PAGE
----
Kick-start your goat kid's health and nutrition from day one
Kids are a bundle of joy. Knowing how to provide your baby goat with the proper nutrition can make both their life and your life much more enjoyable, and allow them to grow healthy and strong. Here are some tips on getting started with feeding your new kid in the first weeks.
In the first 24 hours, your kid will hopefully begin nursing immediately. The doe’s colostrum contains an immense amount of immune benefits and is a large factor in your baby goat’s health. However, if your kid is unable or unwilling to nurse or the doe’s milk is inadequate due to disease, having a colostrum replacer on hand will ensure your baby gets the nutrition and hydration it needs from birth.
A supplement like Sav-A-Kid® Lamb & Kid Colostrum Replacer is perfect to feed your kid within two hours of their birth to ensure their nutritional needs are met. If you are supplementing the does’ colostrum instead, feed your kid Sav-A-Caf® Multi-Species Colostrum Supplement.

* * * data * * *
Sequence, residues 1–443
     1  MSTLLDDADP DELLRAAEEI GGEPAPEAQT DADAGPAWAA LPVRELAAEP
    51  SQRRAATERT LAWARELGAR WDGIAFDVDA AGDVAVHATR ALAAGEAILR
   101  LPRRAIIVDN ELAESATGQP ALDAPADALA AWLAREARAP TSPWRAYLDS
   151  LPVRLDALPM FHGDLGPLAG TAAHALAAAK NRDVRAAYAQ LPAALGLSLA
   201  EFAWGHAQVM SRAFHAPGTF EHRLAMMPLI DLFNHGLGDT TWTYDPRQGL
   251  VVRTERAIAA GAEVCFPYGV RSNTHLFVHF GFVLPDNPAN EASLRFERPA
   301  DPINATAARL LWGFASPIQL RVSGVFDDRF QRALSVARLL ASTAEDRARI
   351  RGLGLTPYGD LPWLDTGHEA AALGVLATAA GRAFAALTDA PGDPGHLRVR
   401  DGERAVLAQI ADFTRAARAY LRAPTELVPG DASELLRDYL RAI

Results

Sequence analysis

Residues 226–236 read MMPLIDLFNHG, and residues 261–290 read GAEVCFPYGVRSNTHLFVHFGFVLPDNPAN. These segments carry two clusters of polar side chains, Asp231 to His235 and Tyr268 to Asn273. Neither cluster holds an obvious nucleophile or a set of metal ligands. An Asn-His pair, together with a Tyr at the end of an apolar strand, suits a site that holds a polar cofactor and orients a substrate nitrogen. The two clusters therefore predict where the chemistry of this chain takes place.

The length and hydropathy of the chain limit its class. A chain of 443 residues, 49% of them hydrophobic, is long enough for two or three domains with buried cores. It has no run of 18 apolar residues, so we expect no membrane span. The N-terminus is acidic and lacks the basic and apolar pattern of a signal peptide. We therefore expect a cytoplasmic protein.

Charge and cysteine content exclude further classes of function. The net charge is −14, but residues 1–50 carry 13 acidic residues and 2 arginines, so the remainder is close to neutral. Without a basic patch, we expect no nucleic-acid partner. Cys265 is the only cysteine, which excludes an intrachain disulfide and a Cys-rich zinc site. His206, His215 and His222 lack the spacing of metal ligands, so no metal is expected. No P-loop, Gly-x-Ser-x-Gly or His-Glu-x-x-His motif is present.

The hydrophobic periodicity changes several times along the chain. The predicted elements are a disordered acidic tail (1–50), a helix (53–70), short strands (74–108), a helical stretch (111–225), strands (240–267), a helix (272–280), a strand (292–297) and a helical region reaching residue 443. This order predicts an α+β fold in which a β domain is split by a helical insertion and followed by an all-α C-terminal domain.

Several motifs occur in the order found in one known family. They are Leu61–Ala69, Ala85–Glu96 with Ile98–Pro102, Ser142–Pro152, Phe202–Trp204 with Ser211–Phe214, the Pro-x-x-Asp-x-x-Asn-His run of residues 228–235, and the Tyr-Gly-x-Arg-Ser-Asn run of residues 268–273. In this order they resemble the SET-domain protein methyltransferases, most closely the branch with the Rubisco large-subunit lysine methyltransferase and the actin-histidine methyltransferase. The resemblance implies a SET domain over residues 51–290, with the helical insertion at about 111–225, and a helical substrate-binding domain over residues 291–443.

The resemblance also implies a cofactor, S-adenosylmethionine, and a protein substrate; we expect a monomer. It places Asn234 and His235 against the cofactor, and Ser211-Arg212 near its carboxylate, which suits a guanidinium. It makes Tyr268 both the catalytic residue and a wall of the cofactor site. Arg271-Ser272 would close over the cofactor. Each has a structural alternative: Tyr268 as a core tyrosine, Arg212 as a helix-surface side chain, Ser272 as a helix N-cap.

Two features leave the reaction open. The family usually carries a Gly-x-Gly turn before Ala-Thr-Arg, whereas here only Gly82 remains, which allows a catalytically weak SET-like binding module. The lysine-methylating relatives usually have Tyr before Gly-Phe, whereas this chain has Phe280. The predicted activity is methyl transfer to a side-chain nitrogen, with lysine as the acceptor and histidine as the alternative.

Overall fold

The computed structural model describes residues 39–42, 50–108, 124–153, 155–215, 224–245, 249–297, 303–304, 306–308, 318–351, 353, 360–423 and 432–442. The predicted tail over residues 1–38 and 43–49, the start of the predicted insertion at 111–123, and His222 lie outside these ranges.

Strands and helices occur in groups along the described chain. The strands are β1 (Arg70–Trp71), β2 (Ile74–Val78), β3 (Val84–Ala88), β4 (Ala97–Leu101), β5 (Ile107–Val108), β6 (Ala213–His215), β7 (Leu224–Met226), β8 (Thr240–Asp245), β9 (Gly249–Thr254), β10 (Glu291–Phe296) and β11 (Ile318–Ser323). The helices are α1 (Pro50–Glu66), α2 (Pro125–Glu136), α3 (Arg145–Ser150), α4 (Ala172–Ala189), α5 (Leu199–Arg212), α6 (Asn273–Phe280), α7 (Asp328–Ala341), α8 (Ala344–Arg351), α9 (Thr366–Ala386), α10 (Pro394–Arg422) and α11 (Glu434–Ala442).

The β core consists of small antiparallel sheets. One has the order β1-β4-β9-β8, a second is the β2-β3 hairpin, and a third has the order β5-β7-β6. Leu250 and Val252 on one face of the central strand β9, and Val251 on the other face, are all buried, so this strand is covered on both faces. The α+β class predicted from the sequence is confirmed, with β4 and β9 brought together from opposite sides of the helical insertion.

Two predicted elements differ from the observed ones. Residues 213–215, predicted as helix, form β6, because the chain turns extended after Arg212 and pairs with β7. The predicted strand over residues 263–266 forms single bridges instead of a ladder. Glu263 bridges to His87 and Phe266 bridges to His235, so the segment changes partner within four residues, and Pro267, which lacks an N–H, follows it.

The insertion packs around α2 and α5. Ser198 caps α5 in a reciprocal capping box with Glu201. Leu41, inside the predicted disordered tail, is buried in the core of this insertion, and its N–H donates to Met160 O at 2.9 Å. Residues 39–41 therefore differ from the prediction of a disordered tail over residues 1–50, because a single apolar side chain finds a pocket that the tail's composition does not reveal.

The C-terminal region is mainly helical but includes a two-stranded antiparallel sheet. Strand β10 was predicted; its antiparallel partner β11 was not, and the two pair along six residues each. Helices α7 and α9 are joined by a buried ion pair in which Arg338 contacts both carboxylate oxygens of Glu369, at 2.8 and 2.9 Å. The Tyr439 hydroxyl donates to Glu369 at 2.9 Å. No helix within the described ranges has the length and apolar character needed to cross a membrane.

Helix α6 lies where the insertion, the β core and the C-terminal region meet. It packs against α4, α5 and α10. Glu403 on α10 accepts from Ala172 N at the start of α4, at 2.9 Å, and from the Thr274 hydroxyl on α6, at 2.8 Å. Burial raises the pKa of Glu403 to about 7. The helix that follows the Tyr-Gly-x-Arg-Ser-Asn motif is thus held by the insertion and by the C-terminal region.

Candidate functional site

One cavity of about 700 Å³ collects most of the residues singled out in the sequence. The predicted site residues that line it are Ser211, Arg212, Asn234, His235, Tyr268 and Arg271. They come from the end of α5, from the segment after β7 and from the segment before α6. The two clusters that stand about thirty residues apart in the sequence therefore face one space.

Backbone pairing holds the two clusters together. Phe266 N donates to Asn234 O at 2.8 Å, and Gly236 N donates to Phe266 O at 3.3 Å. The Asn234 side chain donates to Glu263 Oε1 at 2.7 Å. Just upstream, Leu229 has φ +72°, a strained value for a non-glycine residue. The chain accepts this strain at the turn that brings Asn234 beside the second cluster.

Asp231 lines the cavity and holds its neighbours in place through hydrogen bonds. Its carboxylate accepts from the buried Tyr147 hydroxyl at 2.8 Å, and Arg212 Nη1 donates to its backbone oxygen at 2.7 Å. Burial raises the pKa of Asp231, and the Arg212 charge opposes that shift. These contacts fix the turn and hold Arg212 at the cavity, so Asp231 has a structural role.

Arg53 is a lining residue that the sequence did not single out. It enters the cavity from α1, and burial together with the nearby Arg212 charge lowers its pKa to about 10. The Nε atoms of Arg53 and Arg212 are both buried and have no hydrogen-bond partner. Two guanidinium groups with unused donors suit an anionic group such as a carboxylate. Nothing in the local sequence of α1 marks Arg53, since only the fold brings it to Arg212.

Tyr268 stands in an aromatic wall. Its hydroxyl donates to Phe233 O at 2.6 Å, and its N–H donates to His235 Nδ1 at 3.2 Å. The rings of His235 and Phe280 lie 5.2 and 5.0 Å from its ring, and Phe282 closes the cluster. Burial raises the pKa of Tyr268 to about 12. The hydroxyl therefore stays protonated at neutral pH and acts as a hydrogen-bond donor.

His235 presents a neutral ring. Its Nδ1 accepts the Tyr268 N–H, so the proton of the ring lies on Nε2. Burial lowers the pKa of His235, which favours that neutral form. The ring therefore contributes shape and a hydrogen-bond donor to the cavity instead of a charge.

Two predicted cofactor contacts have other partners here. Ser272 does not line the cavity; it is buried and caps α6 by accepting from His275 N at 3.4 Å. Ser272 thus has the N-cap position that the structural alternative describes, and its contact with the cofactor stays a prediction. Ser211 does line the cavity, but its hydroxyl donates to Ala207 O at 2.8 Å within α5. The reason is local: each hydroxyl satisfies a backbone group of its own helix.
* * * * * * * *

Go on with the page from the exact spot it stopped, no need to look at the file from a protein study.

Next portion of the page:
If your kid is still not nursing adequately, you will want to switch to milk replacer after 24-48 hours. This or milk will be your kid’s primary source of nutrition in the first few months before weaning. Choosing a milk replacer that is specifically formulated for goat kids, such as Sav-A-Kid® Milk Replacer, will provide your kid with the optimal blend of energy i.e., carbohydrates and fat, protein, vitamins and minerals it needs for healthy development. Smaller, more frequent feedings can increase digestibility and minimize digestive upset, so it is best to feed milk replacer by bottle of pail four times per day.
When your baby goat is between 10 and 20 days old, you will want to continue feeding milk replacer around three times per day or as needed to supplement nursing. During this time, you will also want to introduce forage like hay and a grain ration or concentrate feed. This is because goats are ruminants with four-part stomachs built for digesting large quantities of fiber, and early feeding of forage can help jump-start their rumen development.
Once your goat kid weighs 30 pounds and is eating at least 1/4 pound of concentrate feed per day, you can begin weaning them off of milk or milk replacer. It is important that they are consuming ample nutrition from forage and grain before weaning begins. Don’t forget to keep your kid’s water fresh and clean at all times. This will encourage them to stay hydrated.
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